Merrak's Isometric Adventures -- Alpha Release 1

merrak

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  • Posts: 2261
This will be time spend well. It is so important to find the right balance between showing enough features and also not overwhelm the player. Pinpointing the player towards features and design without making her/him feel stupid. Having those important aha-moments which create fun and make your game unique.

I build the levels always with a first gut feeling of course. I have a huge spreadsheet which shows which feature (for example the bomb which lest you blow up walls) is introduces and where it is active to find the right balance. Afterwards i test thje level myself until i have all the crashes and bugs out followed by user tests who dont know the level at all. This is always the most crucial part. Letting someone play and sitting next to her/him to take notes. I always ask to think out loud everything and that they cant hamr my feelings.

Cheers!

That's a good point. One thing that will give me some control over when features are introduced is the experience system. The player earns experience points by completing various objectives, and can spend them to read books to gain new skills.

Jumping is a good example. I was thinking about how I could redesign the central "hub" area to introduce jumping. But I realized I don't necessarily need to do this. There are a few areas that are inaccessible without the ability to jump. But they also happen to block off harder sections of the maps. By making jumping a learned skill, I can introduce the mechanic at a more appropriate time and also give the game more of a 'metroidvania' feel.

The only thing I dislike about the 'metroidvania' game is the amount of backtracking these games can have.

Tiny Dangerous Dungeons is a good example of a Gameboy style metroidvania where there's some good things to learn from. Overall I think AdventureIslands did a good job opening up new areas at a pace that kept the game engaging, but not overwhelming. But I did find fighting my way through the same corridors tedious once I've made a few passes through them. The map helps a lot.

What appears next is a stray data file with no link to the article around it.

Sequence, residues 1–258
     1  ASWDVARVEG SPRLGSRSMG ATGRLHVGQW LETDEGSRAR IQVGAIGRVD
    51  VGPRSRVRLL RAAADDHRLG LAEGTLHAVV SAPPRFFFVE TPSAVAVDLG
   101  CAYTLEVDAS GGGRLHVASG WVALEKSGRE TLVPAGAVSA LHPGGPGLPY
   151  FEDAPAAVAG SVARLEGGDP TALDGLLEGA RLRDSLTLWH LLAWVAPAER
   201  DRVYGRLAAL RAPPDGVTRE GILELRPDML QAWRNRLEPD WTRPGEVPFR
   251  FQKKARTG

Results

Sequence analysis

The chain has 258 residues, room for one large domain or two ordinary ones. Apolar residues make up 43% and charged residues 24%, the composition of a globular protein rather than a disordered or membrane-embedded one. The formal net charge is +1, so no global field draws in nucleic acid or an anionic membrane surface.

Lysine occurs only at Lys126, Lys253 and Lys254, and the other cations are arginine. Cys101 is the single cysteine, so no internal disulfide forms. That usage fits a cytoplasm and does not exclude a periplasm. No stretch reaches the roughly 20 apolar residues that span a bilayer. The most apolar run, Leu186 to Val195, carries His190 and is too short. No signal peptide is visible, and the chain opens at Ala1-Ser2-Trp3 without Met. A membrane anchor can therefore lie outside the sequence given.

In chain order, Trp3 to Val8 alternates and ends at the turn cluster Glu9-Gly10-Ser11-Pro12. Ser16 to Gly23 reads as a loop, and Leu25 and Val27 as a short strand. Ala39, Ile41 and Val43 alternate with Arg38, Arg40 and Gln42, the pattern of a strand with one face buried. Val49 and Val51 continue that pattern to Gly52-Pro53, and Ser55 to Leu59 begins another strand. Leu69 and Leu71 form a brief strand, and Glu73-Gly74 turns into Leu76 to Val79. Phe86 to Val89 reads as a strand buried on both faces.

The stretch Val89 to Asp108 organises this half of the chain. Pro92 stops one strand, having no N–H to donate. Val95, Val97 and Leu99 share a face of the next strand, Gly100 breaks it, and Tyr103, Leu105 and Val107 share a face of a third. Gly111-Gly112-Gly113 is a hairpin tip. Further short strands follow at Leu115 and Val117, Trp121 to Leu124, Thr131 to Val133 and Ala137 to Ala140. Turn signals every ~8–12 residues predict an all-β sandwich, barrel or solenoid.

I think my "hub area" may suffer from the opposite problem. There are four main stages in the game: four towers with two to three levels each, all connected by a hub area. Once the player kills an NPC, it stays dead. So once the hub is cleared, it is boring to keep traveling through.

One remedy I thought of is to add new corridors to the branch maps that will drop the player directly into another branch map. I'll need to re-think the order skills are obtained in so that there's a logical progression.

I'm working on a dark zone right now. While there's nothing prevent the player from exploring in the dark, it's hard to get very far without a light. If I put the light in another zone, then I need to have a passage from the room with the lamp to the dark zone.

Speaking of lamps--I now have dynamic lights working. So finally you can see in those dark rooms!


mdotedot

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  • Posts: 1511
Quote
Jumping is a good example. I was thinking about how I could redesign the central "hub" area to introduce jumping. But I realized I don't necessarily need to do this. There are a few areas that are inaccessible without the ability to jump. But they also happen to block off harder sections of the maps. By making jumping a learned skill, I can introduce the mechanic at a more appropriate time and also give the game more of a 'metroidvania' feel.

Oh that would be nice. Jumping is a bit weird now and it would help if the player 'learns' it rather than present the default action at game-start.

Dynamic Lighting :  A W E S O M E

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Bombini

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  • Posts: 1150
Wow, the new gif looks awesome!